What will going to university in 2020 look like?

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How will the coronavirus pandemic impact freshers week in 2020?

Staffordshire
University, meanwhile, are doing something similar – a ‘social bubble’ system will ‘apply wherever they are on campus,’ in a bid to open up university facilities without encouraging mass gatherings.
As for meeting people outside of your ‘bubble’ through typical methods like sports, going out and freshers events? Much of this has been altered to comply with social distancing rules. Universities on the whole seem to be trying to find solutions, such as meeting outside, or taking part of the clubs online, with others waiting to see what the situation is like come September.
reports the majority of British universities students will live in “bubbles” of between six and 13 people.
Virtual lectures
What with much of the working world going virtual, it probably doesn’t come as much of a surprise that universities are considering the same. In mid-May, Cambridge university announced there will be no face-to-face lectures until 2021, but that lectures will be available to students online and”it may be possible to host smaller teaching groups in person.”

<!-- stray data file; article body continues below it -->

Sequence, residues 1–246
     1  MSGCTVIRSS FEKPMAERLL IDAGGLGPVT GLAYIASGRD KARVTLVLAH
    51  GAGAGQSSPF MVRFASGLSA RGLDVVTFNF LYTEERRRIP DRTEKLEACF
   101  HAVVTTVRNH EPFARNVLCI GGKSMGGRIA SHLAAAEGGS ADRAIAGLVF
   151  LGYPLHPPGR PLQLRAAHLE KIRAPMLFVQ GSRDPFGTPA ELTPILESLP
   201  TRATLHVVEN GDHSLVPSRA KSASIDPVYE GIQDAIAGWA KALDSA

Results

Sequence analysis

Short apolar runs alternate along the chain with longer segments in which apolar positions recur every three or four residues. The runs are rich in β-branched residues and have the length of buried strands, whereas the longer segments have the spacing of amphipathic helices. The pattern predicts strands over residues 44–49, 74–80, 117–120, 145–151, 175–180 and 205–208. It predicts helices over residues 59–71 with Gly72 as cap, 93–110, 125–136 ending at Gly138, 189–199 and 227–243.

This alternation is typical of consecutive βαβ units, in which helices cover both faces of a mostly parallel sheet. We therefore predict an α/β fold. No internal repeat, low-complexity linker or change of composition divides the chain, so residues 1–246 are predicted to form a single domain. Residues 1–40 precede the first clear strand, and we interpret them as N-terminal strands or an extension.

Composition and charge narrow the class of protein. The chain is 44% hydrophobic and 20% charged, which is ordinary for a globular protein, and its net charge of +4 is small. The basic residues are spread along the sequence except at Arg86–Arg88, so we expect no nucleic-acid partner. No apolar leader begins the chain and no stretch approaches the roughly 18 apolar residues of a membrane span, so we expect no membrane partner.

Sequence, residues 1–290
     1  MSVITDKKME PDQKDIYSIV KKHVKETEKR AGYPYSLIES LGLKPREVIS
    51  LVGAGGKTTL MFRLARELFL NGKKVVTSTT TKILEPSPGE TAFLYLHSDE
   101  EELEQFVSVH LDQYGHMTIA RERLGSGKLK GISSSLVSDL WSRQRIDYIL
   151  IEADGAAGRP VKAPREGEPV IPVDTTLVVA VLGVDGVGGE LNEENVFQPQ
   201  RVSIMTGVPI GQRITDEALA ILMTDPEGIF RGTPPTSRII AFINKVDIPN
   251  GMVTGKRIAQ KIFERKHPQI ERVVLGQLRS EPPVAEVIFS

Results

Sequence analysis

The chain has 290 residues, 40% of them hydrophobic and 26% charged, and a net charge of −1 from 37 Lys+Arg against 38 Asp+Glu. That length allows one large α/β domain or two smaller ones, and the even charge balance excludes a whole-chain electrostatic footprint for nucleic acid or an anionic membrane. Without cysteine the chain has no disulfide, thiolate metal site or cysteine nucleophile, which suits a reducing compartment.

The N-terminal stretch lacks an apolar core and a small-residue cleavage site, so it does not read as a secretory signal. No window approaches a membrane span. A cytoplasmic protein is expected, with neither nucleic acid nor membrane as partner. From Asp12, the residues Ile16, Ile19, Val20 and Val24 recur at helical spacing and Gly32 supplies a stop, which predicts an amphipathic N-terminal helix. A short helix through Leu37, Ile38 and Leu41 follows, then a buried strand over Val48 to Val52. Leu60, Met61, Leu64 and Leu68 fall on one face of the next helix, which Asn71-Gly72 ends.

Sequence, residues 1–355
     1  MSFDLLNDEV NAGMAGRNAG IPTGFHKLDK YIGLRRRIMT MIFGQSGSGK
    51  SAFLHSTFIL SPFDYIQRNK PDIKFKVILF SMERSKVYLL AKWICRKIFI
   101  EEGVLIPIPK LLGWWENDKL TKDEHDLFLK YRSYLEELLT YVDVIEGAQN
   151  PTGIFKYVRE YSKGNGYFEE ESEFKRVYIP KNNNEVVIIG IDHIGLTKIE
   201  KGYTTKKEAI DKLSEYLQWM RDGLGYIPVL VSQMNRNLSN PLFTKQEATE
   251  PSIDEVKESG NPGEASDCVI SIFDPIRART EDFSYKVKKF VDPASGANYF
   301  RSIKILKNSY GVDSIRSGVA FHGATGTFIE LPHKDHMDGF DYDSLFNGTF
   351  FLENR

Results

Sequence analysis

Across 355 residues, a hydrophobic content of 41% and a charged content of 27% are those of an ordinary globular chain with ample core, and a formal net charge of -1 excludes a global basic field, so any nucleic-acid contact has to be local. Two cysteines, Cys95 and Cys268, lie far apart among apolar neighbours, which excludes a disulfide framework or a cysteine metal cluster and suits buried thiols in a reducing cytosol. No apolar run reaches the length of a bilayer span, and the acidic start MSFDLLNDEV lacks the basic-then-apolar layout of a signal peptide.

Tim Robberts
University of Birmingham
revealed that ‘online delivery will form a key element of our resilient provision’ and that ‘all core lectures must be delivered online’, while Edinburgh, Warwick, Bristol, Manchester and UCL have shared similar messages.
That said, the amount of in-person teaching will vary by subject, mainly because degrees in medicine or science, with laboratory-based work, tend to need more face-to-face teaching than arts subjects. The general consensus seems to be larger scale lectures, or lessons that previously involved 25+ students in one room, will now go virtual, while seminars and smaller study groups may eventually be allowed.

The campus
The majority, if not all, universities expect staff and students to maintain social distancing wherever possible when moving around campus, and will increase hand sanitiser and washing stations in shared spaces. The likes of
Lincoln
and Exeter are also introducing one way systems, including entrances and exits, in a bid to limit spread.
The number of people on campus at any one time is also likely to be less. Not only down to virtual learning, but because of a potential decrease in students. New independent research from the University of Leicester
41 per cent of 2,000 surveyed UK students are considering deferring their places until 2021 because of uncertainty over online courses and safety.
In official advice from the
Department of Education
, the government explained,”It may be appropriate to consider reopening low-density buildings first as a phased way of extending access to the campus while safeguarding the needs of staff and students.”
They’ve also asked that universities”implement a range of protective measures including increased cleaning, reducing ‘pinch points’ (such as at the start and end of day), and utilising outdoor space.”
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